Truck accidents are often attributed to a variety of factors. They include speed, long braking distance, tire blowout, and fatigue. These factors can make a truck more prone to accidents than a passenger vehicle. While accidents on major roads are often the cause of a truck accident, many occur outside of interstates.
Overweight truck accidents often occur because commercial trucks are too heavy to safely drive. These accidents can lead to property damage and injuries. These accidents can be prevented by following weight restriction rules. In addition, drivers should be aware of signs and signals indicating that they are carrying too much weight. Moreover, overweight trucks have a higher risk of rear-end collisions.
These large vehicles have a high center of gravity. This makes them more likely to roll over, especially when entering a curve. Because of this, truck drivers tend to misjudge the safe speed for a curve. In a hurry, they are less attentive to their surroundings. Approximately a quarter of all speed-related rollovers are due to failure of truck drivers to adjust to the weight of the load. Consequently, it’s important for truck drivers to slow down for curves and other hazardous situations.
Long braking distance
A semi-truck driver must be aware of his or her long braking distance and react quickly to prevent an accident. The size of the truck is a factor that affects the length of time it takes to stop. A small passenger car needs about 300 feet to stop at 65 mph, while a large commercial truck can take up to 600 feet to stop.
Large trucks can be dangerous to other road users, particularly smaller drivers. Their size and mass make them difficult to maneuver, and their large braking distance can lead to disastrous injuries for small drivers. If the truck driver is fatigued, distracted, or drowsy, they may not be able to respond to emergency braking situations in a timely manner.
Drunk drivers are at higher risk of truck accidents, especially when they’re traveling long distances at night. They have a reduced sense of awareness and are therefore more likely to hit other vehicles, even if they’re in the same lanes. Additionally, drivers under the influence of alcohol are more likely to roll over when they take a curve too quickly. Rollover accidents usually happen when the truck’s height tips into the curve and carries the entire rig over. Many truck rollover accidents occur at sharp curves and on-ramps.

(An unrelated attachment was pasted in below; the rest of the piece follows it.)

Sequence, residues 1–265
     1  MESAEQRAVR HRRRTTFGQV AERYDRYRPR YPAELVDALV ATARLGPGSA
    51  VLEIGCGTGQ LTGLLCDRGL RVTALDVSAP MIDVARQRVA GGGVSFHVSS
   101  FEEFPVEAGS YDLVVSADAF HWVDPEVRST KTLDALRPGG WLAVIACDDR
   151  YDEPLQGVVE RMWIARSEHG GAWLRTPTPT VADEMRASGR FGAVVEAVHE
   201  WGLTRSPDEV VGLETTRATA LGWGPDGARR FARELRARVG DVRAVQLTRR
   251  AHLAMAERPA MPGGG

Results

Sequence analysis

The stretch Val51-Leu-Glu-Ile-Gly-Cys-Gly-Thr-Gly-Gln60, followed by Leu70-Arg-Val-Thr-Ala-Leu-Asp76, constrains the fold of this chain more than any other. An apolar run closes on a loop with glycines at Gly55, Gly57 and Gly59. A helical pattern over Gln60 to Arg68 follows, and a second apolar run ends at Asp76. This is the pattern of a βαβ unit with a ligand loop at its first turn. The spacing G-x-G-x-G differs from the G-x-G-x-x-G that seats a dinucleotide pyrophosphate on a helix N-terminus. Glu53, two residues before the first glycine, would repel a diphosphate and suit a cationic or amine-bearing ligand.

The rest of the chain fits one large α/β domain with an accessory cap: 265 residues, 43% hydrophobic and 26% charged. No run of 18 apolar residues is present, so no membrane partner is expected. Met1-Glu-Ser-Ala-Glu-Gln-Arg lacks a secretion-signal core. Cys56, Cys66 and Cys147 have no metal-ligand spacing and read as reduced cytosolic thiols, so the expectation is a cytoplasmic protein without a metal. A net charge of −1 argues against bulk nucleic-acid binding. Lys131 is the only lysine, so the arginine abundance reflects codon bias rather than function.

The size and weight of a semi-truck make it even more dangerous to drive if the driver is impaired. Trucks can weigh up to 80,000 pounds, which make them much more difficult to control than passenger vehicles. This means that a drunk truck driver can cause a deadly accident and cause serious injuries to other drivers and passengers.
A tire blowout is one of the most common causes of truck accidents. These events often occur without warning and at high speed. As a result, they are extremely dangerous and can result in serious injuries or fatalities. Fortunately, truck drivers are usually trained to prevent these accidents. However, even the best drivers can lose control when a tire blows out.
Tire blowouts can be caused by a number of reasons, but most often, truck drivers make errors when loading their cargo. Truckers are not supposed to overload their vehicles, which increases the risk of a blowout. Another common cause is using the wrong size or mismatched tires.
Improper driver training
Improper driver training is one of the leading causes of truck accidents. The size and weight of a commercial truck pose a real threat to other vehicles, which is why companies must provide their drivers with proper training to avoid accidents. They should also conduct regular drug testing and background checks and ensure their physical and mental fitness. Drivers should also receive ongoing training to improve their skills. Even the simplest tasks like changing gears or braking can be dangerous for drivers who are not properly trained.
A recent study from the FMCSA found that an inadequate amount of driver training was a major factor in truck accidents. The study examined nine hundred and sixty-seven accidents that took place in 17 states over a three-year period. The FMCSA recorded several elements of each crash. This information was used to estimate that there were 141,000 large truck accidents across the country during that time period.